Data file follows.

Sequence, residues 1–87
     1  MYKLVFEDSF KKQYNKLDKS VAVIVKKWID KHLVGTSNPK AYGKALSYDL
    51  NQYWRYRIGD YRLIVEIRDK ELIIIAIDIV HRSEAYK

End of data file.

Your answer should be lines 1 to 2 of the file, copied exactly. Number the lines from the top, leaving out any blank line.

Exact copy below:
Sequence, residues 1–87
     1  MYKLVFEDSF KKQYNKLDKS VAVIVKKWID KHLVGTSNPK AYGKALSYDL